To the editor: Laws must adapt to new guns

To the editor: Laws must adapt to new guns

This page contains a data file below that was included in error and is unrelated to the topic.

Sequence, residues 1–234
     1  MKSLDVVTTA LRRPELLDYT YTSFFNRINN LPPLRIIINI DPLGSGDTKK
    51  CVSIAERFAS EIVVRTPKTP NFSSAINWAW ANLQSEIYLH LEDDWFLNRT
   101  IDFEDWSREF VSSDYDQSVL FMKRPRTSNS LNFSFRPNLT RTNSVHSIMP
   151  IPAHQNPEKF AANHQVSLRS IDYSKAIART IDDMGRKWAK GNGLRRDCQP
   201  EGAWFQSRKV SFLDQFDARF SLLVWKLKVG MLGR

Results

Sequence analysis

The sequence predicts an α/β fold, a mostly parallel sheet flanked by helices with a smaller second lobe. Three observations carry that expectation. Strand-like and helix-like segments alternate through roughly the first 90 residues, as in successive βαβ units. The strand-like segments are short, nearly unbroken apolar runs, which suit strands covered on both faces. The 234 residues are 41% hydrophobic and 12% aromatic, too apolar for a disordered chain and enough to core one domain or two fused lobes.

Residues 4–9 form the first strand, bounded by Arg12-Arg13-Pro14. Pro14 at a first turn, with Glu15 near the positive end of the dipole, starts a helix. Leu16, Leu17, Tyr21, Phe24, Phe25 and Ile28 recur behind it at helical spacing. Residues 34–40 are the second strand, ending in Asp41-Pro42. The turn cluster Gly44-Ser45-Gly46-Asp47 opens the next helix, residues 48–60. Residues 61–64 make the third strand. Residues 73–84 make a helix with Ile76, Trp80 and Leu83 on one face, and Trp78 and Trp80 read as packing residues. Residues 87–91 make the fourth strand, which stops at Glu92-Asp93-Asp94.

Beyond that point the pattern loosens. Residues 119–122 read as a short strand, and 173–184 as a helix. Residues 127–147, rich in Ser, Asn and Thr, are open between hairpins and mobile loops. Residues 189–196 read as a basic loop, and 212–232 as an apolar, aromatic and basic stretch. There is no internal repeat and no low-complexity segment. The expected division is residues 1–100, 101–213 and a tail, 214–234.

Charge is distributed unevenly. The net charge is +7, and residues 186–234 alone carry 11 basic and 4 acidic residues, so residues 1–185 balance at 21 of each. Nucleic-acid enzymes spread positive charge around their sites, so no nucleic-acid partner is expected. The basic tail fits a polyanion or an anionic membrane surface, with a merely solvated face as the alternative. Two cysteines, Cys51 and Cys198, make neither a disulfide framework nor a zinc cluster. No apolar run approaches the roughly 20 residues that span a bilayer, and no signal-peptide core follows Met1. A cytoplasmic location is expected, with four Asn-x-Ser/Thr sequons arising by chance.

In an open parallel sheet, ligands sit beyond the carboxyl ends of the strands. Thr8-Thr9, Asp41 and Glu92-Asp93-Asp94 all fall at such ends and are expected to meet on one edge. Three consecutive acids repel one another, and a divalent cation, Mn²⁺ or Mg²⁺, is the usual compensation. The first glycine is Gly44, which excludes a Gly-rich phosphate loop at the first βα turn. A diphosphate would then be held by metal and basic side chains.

Attendees walk by a display of AR-15’s and AR-10’s at the National Rifle Association convention in Dallas. Like Walter E. Williams, I too am “over 65.” Much of what he says in his June 5 op-ed piece, “Past versus present Americans,” is correct. I, too, received my first gun, a .22 rifle, at age 12. It is true that you could buy a gun anywhere — from the Sears catalog to the gun dealer at the county fair — without any hassle. But Mr. Williams is wrong about one thing: Guns have changed. The guns available were not military-style assault rifles. No AR-15s, no AK-47s, no high-capacity clips. Handguns were generally revolvers with six rounds per load or automatics like the M1911 .45 automatic with seven rounds in the clip and one in the chamber. The only military-style automatic rifle available was the Thompson sub-machine gun, and that was heavily regulated. You had to register it with the government and pay a $200 fee. Regulating, or even banning, military-style assault weapons and high-capacity magazines would in no way infringe on peoples’ Second Amendment rights. There are still many other guns freely available. The NRA says, “Guns don’t kill people, people kill people.” Not quite. People with military-style assault weapons kill people. HENRY R. PROVOLNY Elmore Click here to submit a letter to the editor Remembering Andrew Massey I am very sorry to hear the sad news of the recent passing of Andrew Massey (June 1, “Andrew Massey, the Toledo […]

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